An international environmental awareness bike ride set for October 8 by Israeli, Jordanian and Palestinian Authority Arab participants has been sabotaged by Islamist politics.
The three-day “torch run,” which was to begin in Jordan, would have continued on to Israel and ended in Palestinian Authority-controlled areas, highlighting the impact of climate change on the lower Jordan River and the Dead Sea. Israel, Jordan and the PA share control of the bodies of water.
But a Jordanian trade unions committee opposed to ties with Israel accused the local Friends of the Earth Middle East (FoEME) on September 29 of “working to impose normalization with the Zionist enemy under cover of environmental activities.” Despite a peace treaty signed between Israel and Jordan in 1994, Islamists in the Hashemite Kingdom vehemently reject any cooperative projects with the Jewish State.
The committee managed to intimidate the environmental group, leading to the pull-out of both Jordanian and PA members of the cycling tour. Committee head Badi Rafaiyah said in a statement that if Israel “is really concerned with the environment, it should stop tearing down trees, burning land in the Jordan Valley and polluting the waters of the Jordan River and Dead Sea.”
Abdelrahman Sultan, Jordan’s FoEME deputy director, blamed the “Middle East peace crisis and Israeli settlement building” for the boycott. “Our goal was not political,” he told the AFP news service Wednesday. But “we understand that the event could provoke some people, so we and the Palestinians decided to cancel our participation to avoid provocations. The Israeli activists will go ahead with the event inside Israel,” he added.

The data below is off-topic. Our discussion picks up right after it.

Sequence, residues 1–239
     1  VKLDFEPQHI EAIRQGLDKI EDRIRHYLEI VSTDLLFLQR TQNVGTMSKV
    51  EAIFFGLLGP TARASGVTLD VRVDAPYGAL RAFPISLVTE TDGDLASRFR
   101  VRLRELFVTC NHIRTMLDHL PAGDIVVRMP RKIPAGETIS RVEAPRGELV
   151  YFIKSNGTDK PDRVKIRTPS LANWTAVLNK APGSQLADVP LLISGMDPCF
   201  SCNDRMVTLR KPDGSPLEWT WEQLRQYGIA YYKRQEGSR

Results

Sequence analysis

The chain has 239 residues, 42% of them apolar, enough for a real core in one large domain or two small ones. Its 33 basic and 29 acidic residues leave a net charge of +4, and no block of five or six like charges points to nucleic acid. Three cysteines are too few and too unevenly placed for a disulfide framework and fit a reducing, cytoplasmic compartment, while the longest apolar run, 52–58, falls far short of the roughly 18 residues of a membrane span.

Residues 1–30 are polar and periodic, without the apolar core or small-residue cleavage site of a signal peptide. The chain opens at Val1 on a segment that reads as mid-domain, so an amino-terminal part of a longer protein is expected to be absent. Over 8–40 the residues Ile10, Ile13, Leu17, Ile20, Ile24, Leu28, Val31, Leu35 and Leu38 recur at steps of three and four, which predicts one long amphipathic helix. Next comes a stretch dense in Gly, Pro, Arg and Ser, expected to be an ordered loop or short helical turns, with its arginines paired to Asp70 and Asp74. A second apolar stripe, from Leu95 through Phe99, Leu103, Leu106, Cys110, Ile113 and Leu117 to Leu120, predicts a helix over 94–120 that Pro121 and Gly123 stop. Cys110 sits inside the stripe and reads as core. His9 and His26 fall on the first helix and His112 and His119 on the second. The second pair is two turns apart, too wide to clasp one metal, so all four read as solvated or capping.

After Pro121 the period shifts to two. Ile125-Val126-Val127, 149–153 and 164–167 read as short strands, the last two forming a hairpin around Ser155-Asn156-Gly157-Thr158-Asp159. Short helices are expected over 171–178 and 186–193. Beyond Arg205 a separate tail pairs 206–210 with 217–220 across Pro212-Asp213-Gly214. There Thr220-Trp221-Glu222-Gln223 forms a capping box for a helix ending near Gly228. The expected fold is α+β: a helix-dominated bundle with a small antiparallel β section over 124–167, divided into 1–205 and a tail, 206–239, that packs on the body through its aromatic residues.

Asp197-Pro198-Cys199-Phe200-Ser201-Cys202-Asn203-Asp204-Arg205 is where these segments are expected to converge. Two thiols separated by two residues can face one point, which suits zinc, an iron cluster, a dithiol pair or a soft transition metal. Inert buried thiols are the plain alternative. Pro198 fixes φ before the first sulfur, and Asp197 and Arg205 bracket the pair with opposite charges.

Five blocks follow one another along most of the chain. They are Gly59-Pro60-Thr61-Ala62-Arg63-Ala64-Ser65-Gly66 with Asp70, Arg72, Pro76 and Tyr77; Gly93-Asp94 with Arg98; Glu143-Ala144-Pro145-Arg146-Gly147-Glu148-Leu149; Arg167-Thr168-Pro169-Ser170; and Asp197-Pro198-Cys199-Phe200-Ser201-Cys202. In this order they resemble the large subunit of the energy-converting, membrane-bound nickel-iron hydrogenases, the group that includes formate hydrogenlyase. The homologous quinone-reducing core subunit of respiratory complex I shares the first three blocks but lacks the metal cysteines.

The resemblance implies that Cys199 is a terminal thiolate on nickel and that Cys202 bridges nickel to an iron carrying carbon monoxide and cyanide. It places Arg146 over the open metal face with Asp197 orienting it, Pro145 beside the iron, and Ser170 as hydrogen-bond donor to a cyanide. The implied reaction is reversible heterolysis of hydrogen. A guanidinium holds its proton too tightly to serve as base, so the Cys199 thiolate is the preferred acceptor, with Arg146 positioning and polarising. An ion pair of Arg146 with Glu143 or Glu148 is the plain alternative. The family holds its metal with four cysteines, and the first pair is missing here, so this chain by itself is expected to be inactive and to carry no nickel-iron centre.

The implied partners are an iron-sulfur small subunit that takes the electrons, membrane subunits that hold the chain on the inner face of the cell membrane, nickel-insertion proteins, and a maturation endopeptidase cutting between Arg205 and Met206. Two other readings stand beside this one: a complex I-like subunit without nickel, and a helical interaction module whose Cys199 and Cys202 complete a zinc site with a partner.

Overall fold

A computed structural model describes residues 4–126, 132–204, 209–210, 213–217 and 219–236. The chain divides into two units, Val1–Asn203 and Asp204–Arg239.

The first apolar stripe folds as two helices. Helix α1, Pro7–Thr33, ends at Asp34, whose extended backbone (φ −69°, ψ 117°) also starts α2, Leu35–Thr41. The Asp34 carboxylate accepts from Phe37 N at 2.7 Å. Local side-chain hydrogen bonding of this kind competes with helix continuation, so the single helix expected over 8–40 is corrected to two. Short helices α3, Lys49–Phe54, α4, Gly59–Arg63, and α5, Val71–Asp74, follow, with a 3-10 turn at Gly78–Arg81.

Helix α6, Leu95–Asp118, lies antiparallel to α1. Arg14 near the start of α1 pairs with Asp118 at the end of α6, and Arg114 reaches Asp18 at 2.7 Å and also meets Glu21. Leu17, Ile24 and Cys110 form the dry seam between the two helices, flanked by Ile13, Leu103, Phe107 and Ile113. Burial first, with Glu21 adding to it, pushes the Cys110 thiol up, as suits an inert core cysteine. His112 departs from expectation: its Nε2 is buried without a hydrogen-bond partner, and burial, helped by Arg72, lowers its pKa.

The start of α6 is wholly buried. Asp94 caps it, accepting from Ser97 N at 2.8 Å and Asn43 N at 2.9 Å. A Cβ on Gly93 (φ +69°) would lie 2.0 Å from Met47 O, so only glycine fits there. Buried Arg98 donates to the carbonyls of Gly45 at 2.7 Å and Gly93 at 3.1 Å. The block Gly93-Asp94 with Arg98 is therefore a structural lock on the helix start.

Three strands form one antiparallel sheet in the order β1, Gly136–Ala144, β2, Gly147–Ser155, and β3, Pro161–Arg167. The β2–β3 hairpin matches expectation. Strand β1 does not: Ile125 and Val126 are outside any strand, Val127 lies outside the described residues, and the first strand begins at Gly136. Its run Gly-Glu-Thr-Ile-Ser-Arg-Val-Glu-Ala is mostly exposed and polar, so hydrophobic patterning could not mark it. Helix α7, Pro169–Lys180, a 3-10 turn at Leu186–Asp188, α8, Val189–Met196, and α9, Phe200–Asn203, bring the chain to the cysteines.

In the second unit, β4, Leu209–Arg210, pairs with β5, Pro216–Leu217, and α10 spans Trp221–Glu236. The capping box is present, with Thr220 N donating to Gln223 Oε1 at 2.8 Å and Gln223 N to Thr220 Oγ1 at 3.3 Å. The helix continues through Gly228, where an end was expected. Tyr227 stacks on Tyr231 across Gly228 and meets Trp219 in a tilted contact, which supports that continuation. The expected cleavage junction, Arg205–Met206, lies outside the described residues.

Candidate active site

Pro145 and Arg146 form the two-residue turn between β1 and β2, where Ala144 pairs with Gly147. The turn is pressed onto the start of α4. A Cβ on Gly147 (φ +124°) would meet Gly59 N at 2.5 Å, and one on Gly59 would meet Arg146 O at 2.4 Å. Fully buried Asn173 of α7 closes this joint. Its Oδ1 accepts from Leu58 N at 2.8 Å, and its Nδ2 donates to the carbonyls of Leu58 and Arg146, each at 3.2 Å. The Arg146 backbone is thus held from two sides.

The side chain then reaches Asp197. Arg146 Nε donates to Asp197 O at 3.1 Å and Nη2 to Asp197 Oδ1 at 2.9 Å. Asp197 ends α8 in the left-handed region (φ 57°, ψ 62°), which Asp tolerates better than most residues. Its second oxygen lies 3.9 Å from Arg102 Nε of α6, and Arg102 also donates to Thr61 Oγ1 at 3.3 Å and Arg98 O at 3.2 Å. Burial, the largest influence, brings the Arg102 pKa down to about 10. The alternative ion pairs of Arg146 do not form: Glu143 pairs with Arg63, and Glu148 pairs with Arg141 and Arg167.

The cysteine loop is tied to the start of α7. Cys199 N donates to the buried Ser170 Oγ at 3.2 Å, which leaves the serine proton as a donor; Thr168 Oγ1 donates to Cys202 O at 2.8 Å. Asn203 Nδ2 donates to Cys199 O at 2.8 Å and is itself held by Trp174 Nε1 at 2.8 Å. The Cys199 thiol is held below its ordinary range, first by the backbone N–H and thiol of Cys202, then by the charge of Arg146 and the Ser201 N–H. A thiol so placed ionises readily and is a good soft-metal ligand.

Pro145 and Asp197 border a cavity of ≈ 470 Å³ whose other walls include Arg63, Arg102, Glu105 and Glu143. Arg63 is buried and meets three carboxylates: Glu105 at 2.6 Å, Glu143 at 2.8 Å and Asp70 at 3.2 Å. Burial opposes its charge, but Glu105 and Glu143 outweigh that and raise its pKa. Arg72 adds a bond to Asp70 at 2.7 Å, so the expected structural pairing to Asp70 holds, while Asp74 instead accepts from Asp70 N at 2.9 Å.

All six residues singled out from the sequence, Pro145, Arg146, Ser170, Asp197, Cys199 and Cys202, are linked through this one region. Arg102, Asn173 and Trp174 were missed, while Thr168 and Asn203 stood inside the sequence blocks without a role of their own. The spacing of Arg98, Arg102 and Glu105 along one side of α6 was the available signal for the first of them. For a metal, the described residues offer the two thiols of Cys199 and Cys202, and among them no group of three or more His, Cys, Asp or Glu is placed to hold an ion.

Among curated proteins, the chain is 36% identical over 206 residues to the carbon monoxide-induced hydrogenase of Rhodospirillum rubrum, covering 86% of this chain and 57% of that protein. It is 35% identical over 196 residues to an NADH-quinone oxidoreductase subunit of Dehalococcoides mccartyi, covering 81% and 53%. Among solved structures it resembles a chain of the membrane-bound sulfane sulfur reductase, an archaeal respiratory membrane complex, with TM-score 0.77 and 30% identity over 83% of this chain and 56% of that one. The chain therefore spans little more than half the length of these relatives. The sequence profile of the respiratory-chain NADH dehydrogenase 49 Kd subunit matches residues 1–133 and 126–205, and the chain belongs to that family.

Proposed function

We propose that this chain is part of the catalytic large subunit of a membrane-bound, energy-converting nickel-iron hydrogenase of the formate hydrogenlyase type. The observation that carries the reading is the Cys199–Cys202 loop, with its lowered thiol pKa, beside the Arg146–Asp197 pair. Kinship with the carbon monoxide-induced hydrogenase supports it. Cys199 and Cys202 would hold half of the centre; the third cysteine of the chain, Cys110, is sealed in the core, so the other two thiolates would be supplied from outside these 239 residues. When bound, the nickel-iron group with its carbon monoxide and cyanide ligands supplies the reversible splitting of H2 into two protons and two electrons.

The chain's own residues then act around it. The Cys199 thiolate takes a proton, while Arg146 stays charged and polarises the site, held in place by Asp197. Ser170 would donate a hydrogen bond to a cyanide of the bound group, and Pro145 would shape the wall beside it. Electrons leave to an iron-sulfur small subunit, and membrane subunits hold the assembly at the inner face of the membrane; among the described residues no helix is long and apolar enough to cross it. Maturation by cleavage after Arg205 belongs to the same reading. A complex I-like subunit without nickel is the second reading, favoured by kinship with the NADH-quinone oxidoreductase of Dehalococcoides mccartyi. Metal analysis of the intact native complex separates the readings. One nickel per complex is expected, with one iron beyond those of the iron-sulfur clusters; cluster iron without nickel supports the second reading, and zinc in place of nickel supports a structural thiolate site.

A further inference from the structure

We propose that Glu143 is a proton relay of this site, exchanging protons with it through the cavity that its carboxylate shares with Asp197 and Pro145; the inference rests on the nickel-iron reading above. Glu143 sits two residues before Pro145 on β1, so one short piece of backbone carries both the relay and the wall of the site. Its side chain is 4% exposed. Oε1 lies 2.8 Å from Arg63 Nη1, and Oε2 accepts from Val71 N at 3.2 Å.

According to Israel’s Environment Ministry, the water level in the Dead Sea, bordered by Jordan and Israel, dropped by 16 centimeters in September, with the body of water measured at 423.83 meters below sea level. Just one year ago, the sea had lost only six centimeters of water during the same period.
September’s loss was added to a fall of 14 centimeters in the Dead Sea water level in August, and altogether experts say there has been a total loss of 94 centimeters of water thus far since January, compared to 84 centimeters for all of 2009. The Dead Sea has lost nearly 10 meters of water during the past 10 years.